ALASKA STATE LEGISLATURE HOUSE SPECIAL COMMITTEE ON FISHERIES March 14, 2019 11:09 a.m. DRAFT MEMBERS PRESENT Representative Louise Stutes, Chair Representative Bryce Edgmon Representative Chuck Kopp Representative Geran Tarr Representative Sarah Vance Representative Mark Neuman MEMBERS ABSENT Representative Jonathan Kreiss-Tomkins COMMITTEE CALENDAR PRESENTATION: SALMON HATCHERIES, THE ALASKA HATCHERY RESEARCH PROGRAM, AND BEING A WISE CONSUMER OF SCIENCE. - HEARD PREVIOUS COMMITTEE ACTION No previous action to record WITNESS REGISTER SAM RABUNG, Director Division of Commercial Fisheries Alaska Department of Fish and Game (ADFG) Juneau, Alaska POSITION STATEMENT: Provided testimony on fish hatcheries. BILL TEMPLIN, Chief Salmon Fisheries Scientist Division of Commercial Fisheries Alaska Department of Fish and Game (ADFG) Anchorage, Alaska POSITION STATEMENT: Provided testimony on fish hatcheries. ACTION NARRATIVE 11:09:09 AM CHAIR LOUISE STUTES called the House Special Committee on Fisheries meeting to order at 11:09 a.m. Representatives Kopp, Edgmon, Tarr, Vance, Neuman, and Stutes were present at the call to order. 11:10:20 AM ^PRESENTATION: SALMON HATCHERIES, THE ALASKA HATCHERY RESEARCH PROGRAM, AND BEING A WISE CONSUMER OF SCIENCE. CHAIR LOUISE STUTES announced that the only order of business would be a presentation on Salmon Hatcheries, The Alaska Hatchery Research Program, and Being a Wise Consumer of Science. 11:11:40 AM SAM RABUNG, Director, Division of Commercial Fisheries, Alaska Department of Fish and Game (ADFG), started his presentation by asking, Why do we have a fisheries enhancement program in the state of Alaska?" He shared that the state assumed control of fisheries management in 1960 and instituted a new system of in- season escapement management. Between 1972 and 1975 Alaska experienced the lowest number of commercially harvested salmon of the century. In response to the dwindling number of salmon, Alaska's fisheries managers allowed for adequate escapement of spawning salmon and formed a new division called Fisheries Rehabilitation Enhancement and Development (FRED) Divison. The FRED Division was tasked with developing the knowledge, infrastructure, and support systems necessary for rehabilitation and enhancement of salmon fisheries. In 1973 the Limited Entry Act was enacted to allow for the efficient development of aquaculture" in Alaska. In 1976 the Magnuson-Stevens Act restricted foreign fishing to outside of the 200-mile limit, which Mr. Rabung said "no doubt contributed" to improving our fisheries. MR. RABUNG presented information referencing [the Private Nonprofit (PNP) Hatchery Act], passed by the Alaska State Legislature in 1974. He showed a slide that indicated the intent of the Act was to authorize the private ownership of salmon hatcheries by qualified nonprofit corporations for the purpose of contributing, by artificial means, to the rehabilitation of the state's depleted and depressed salmon fishery. Mr. Rabung said it is surprising to some people that the [private nonprofit hatchery] program is not about fish, but rather its about fisheries. He went on to say the hatchery program is stakeholder driven and the users of the resource determine what fishery enhancement is desired while the department determines the appropriate actions needed to accomplish the task. Mr. Rabung shared that the mechanism for this cooperative effort is the Regional Aquaculture Association (RAA) working with ADFG within the Regional Planning Team (RPT) process to develop the regional salmon plan. The RPT advises the ADFG commissioner on salmon fisheries enhancement planning and permitting within their regions. The primary function of the RPT is to create regional comprehensive salmon plans. MR. RABUNG presented a slide which showed salmon production in the North Pacific by all nations. North Pacific hatchery salmon release numbers were shown to have increased from less than half a billion in 1952 to over five billion in 2017. He presented information that showed the Alaska hatcheries are primarily located in Southeast Alaska and the Cook Inlet/Prince William Sound area. Another graph showed the Alaska hatchery salmon release numbers from 1973 to 2018 that indicated the number of hatchery salmon released grew from zero in 1973 to over 1.8 billion in 2018. Mr. Rabung's final slide stated, "Alaska's contemporary salmon fishery enhancement program has operated since the mid-1970s, and through 2018 has provided over 1.8 billion salmon to the fisheries of the State, resulting in substantial economic value without any obvious negative effects on natural salmon production." 11:21:51 AM CHAIR STUTES thanked Mr. Rabung for his presentation. 11:22:55 AM BILL TEMPLIN, Chief Salmon Fisheries Scientist, Division of Commercial Fisheries, Alaska Department of Fish and Game (ADFG), started his presentation, titled Enhancement Related Research, by talking about the sustained yield principle which was intended to provide continued production from the state's natural resources. He went on to discuss the ADFG mission statement and how it aligns with the constitutional mandate of the sustainable yield principle. He read a quote from R.A. Cooley, which stated, "It must be recognized that the welfare of people and not fish is the reason for a management program, and that if maximum sustained yield has any validity, it is as a means to important human ends rather than as an end itself." MR. TEMPLIN presented a United Nations definition for sustainable development which read, "Sustainable development is development that meets the needs of the present without compromising the ability of future generations to meet their own needs." He explained how "fishery" could be substituted for "development" in that definition which would then become a definition for sustainable fisheries. MR. TEMPLIN went on to explore part of the policy for management of sustainable salmon fisheries. He explained that the policy was written to recognize there are uncertainties in managing salmon fisheries. He opined that in the face of uncertainties the State of Alaska needed to manage its fisheries conservatively. Mr. Templin then asked, "What does that mean?" before he shared information regarding the precautionary principle and the precautionary approach. He told the committee how the precautionary principle's rules or standards get applied: "When human activities may lead to morally unacceptable harm that is scientifically plausible but uncertain, actions shall be taken to avoid or diminish that harm." Mr. Templin explained that if the precautionary principle was the rule, or standard, then the precautionary approach was the method that should be applied. He stated the precautionary approach is: "A set of agreed upon cost-effective measures and actions, including future courses of action, which ensures prudent foresight, reduces or avoids risk to the resources, the environment, and the people to the extent possible, taking explicitly into account existing uncertainties and potential consequences of being wrong." He added that the precautionary approach involves the application of prudent foresight that considers the uncertainties in salmon fisheries and habitat management, as well as the biological, social, cultural, and economic risks, and the need to take action with incomplete knowledge. 11:29:47 AM MR. TEMPLIN asked, "Why are we doing this?" then answered that the presentation so far had been a long preamble to discuss why hatchery fish stray and why Alaskan's care. He stated Alaska has taken on hatchery management as a means to economically benefit the state but there is also the requirement to sustain natural production of salmon. MR. TEMPLIN started a slide by saying, "Let's talk about straying." He explained in specific salmon, straying and homing are part of the salmon's natural lifecycle. He then shared that homing salmon are better fit to their specific environment but there are also benefits to straying, such as access to new habitat. Mr. Templin shared that sockeye salmon have strong homing needs. They spend long periods of their lives in freshwater which leads to higher variability and stability in habitat. He described how sockeye in freshwater lake systems tend to have variable year life cycles, which means they could be anywhere between two and five years old before they return. Mr. Templin gave several examples of how different pink salmon's homing behavior is from that of sockeye. Pink salmon spend almost no time in freshwater and tend to prefer low gradient and rocky streams. He said pink salmon head out of freshwater almost immediately upon emerging from the gravel and tend to have two-year life cycles. They stray more from stream to stream than sockeye do. MR. TEMPLIN explained that stray rates mean different things to different people and depend on a person's perspective to define what kind of stray rate he/she might be discussing. He said that "stray-in" rate is the portion of fish that spawn but did not come from the location where they spawned while the "stray- out" rate are the portion of fish that do not return to the stream of their birth. He mentioned that the rest of the presentation would pertain to the stray-in rate to a given stream or lake, because what people are concerned about is hatchery fish in wild spawning streams. MR. TEMPLIN said he would not go over the ADFG, Special Publication No. 18-12, but it was a review of Alaska's precautionary approach. He said there are structures in place that recognize the risks that exist [when hatchery fish spawn in wild stock streams] and try to control those risks for the benefit of Alaskans. He went on to discuss management, fish health, and genetics as the relevant policy elements of ADFG, Special Publication No. 18-12. 11:38:09 AM MR. TEMPLIN stated there needs to be assessment of hatchery and wild salmon stock interaction and impacts. He referenced two ongoing studies, one in Lower Cook Inlet and another study looking at Prince William Sound and Southeast Alaska's pink and chum salmon. Mr. Templin said the Lower Cook Inlet pink salmon project was designed to gather baseline data of harvest and escapement in Lower Cook Inlet as two recently reopened hatcheries began releasing marked fry. The studies objectives were to estimate hatchery wild composition of commercial harvest to evaluate any benefits, as well as to monitor escapement to pink salmon streams. Mr. Templin pointed out that pink salmon index streams still meet their escapement goals as often as they normally would. He shared the final conclusion of the study, which was that interpretation of the study's data is limited since there were so few years sampled. 11:45:40 AM MR. TEMPLIN introduced the Alaska Hatchery Research Program (AHRP), a collaborative research program between ADFG and private nonprofit hatchery operators, processors, and other entities. The AHRP was designed to come up with some information that would help interpret observations of hatchery stray fish in wild streams and establish what could or should be done. Private nonprofit hatchery operators proposed that ADFG organize a science panel of experts to design and implement a long-term research project to inform future resource management decisions that would be funded by the state, operators, and industry. The science panel would be tasked with examining the extent of potential impacts of hatchery fish straying into wild stocks. The focus would be on pink and chum salmon in Prince William Sound and chum salmon in Southeast Alaska. The panel would be made up of thirteen members from ADFG, National Marine Fisheries Service, University of Alaska and aquaculture associations. It would be tasked with answering: What is the genetic stock structure of pink and chum in Prince William Sound and Southeast Alaska, what is the extent and annual variability of straying, and what is the impact on fitness of natural pink and chum stocks? MR. TEMPLIN discussed the extent and amount of straying of pink salmon in Prince William Sound. Straying averaged between 4.4 percent to 14.8 percent during the study period while chum salmon strayed between 2.8 percent and 3.2 percent. In Southeast Alaska chum salmon strayed between 5.4 percent to 9.2 percent during the same time period. Mr. Templin explained that by using information gathered, estimated harvest rates of hatchery salmon and natural run salmon could be determined. MR. TEMPLIN discussed the impact on the fitness of natural stocks while explaining how the study would take offspring and trace them back to their parents. He said tracing genetic salmon generations in the wild has never been done. The process would be to collect parents then return to the stream to collect the child fish as it returns two years later. Through genetic testing the study would match offspring back to the parent fish. Using the ear bone, the study could determine whether the fish was natural or hatchery stock. Using gathered information, the study would show the relative productivity of hatchery fish versus a wild fish in a wild stream. MR. TEMPLIN explained the results from the first generation of the study. It showed that in the limited returns of the study, a hatchery fish was about half as productive as a wild fish. Mr. Templin made it clear that the results are only one data point in many. The preliminary results of the study showed that hatchery-origin fish spawned and produced adult offspring; they spawned with both wild and other hatchery-origin fish. Hatchery-origin fish produced fewer adult offspring and there are potentially important differences in the relative returns between spawning male and female hatchery-origin fish. Mr. Templin stated there would be questions that would not be addressed by the AHRP, such as what the competition and predation effects of hatchery fish are. 12:02:23 PM MR. TEMPLIN said, "It is important for of us to be wise consumers of science." He shared the principles of the scientific method: Make Observation, Think of Interesting Questions, Formulate Hypotheses, Develop Testable Predictions, Gather Data to Test Predictions, Refine Hypothesis, and Develop General Theories. He shared there are ramifications of incomplete scientific processes that are not always negative but can put the burden on the reader to understand limitations of the science and don't move science forward. As an example, he shared a paper describing pink salmon effects on orcas in Puget Sound that indicated the orca population was declining due to fluctuations in the pink salmon population. Mr. Templin explained that the paper was flawed because the hypotheses were not falsifiable, so the scientific method was not followed. Even though there was one line in the paper explaining the need for further data, most people would only see the title, which was sensationalistic. Mr. Templin summarized that scientists need to communicate clearly and effectively and readers need to evaluate the strength of the evidence presented to them. 12:10:42 PM CHAIR STUTES said the information in the presentations would serve as the foundation for coming meetings. She went on to advocate for more data regarding straying of salmon to help understand the affects on salmon populations. 12:12:22 PM ADJOURNMENT There being no further business before the committee, the House Special Committee on Fishers meeting was adjourned at 12:12 p.m.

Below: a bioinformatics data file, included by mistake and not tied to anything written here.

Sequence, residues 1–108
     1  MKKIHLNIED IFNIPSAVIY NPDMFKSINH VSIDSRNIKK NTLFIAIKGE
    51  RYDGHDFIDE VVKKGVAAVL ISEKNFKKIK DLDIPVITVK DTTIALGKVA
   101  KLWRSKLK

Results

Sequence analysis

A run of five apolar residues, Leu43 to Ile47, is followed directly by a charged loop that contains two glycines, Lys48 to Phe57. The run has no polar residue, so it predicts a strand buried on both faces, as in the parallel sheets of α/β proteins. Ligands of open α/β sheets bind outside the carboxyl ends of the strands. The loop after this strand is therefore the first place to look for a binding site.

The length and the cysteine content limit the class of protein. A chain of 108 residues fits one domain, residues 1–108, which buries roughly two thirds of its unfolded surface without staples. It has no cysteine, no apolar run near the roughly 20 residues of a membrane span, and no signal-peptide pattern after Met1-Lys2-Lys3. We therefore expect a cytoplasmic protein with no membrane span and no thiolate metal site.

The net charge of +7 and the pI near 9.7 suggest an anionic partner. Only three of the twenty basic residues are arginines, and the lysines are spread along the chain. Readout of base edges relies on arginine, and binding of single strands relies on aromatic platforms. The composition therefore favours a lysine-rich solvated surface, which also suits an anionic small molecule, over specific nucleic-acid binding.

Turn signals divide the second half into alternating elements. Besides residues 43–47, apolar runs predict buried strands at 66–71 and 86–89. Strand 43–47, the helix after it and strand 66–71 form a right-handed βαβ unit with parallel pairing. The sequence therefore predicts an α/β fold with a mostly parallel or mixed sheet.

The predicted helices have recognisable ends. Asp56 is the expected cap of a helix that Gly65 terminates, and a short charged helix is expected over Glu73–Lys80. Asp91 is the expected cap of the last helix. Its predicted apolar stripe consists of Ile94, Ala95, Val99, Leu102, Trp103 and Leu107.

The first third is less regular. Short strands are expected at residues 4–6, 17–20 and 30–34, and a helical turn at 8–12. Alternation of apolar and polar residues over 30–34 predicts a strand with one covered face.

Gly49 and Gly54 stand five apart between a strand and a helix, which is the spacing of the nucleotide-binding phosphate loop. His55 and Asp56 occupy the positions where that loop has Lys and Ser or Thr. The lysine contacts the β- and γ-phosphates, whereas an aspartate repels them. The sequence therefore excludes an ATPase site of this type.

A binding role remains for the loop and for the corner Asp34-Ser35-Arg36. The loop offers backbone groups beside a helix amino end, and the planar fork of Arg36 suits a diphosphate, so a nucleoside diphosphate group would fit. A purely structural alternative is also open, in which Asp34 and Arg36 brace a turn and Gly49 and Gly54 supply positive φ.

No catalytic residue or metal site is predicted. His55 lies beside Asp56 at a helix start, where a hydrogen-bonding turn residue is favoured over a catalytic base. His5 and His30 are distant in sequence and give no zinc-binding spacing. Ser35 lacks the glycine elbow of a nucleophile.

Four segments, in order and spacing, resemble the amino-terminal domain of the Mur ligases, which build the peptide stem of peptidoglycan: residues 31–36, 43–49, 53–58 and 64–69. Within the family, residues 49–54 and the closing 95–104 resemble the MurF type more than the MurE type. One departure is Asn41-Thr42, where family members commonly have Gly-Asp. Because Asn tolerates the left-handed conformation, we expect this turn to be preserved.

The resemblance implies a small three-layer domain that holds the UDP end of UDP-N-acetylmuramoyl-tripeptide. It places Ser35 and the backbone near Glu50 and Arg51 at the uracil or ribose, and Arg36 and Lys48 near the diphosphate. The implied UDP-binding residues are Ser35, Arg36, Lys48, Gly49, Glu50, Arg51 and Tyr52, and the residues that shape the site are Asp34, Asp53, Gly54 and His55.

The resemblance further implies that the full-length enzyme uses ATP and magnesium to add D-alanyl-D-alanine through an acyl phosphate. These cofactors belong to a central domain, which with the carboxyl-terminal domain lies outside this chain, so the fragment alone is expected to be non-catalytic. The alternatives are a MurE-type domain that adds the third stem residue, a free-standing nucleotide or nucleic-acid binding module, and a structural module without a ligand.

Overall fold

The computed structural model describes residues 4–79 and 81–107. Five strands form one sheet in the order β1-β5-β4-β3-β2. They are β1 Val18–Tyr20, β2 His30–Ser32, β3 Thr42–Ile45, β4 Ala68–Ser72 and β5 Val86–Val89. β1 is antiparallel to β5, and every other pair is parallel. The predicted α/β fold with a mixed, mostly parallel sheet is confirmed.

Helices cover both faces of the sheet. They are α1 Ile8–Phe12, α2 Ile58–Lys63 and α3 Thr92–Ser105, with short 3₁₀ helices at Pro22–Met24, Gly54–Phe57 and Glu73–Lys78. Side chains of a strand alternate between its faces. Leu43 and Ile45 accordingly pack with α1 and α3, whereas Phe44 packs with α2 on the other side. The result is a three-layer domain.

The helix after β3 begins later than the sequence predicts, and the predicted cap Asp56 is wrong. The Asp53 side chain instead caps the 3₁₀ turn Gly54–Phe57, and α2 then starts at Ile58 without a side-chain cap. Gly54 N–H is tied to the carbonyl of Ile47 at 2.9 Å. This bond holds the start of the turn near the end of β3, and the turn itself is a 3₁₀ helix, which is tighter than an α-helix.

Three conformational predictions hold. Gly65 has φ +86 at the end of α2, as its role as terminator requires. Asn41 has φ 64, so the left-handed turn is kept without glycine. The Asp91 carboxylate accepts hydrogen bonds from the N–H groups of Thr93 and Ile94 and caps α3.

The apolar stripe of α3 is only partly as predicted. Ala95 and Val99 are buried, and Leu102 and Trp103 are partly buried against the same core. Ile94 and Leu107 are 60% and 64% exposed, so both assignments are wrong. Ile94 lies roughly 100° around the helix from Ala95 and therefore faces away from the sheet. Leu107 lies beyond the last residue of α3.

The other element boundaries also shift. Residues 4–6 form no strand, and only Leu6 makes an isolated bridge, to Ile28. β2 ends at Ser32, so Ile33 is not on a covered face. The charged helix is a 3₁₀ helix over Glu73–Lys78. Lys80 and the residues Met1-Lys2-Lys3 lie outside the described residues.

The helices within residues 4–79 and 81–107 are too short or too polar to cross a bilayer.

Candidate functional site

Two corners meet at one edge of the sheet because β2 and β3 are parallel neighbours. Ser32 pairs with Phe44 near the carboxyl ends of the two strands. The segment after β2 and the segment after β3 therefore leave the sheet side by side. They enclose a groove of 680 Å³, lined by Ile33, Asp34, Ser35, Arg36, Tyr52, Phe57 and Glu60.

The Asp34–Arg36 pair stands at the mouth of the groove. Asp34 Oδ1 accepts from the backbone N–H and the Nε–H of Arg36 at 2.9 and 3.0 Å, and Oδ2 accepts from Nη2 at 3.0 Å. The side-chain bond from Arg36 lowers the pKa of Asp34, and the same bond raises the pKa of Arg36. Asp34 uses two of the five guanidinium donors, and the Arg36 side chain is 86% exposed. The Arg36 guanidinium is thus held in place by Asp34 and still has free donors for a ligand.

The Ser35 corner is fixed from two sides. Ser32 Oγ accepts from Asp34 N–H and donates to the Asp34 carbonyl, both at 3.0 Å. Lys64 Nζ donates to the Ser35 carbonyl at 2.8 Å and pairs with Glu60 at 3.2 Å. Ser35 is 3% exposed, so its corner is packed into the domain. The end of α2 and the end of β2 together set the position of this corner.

|(H)FSH Hatchery Statutes & Regs Overview 3.14.19.pdf||
HFSH 3/14/2019 11:00:00 AM
|(H)FSH Overview of Hatchery Related Research 3.14.19.pdf||
HFSH 3/14/2019 11:00:00 AM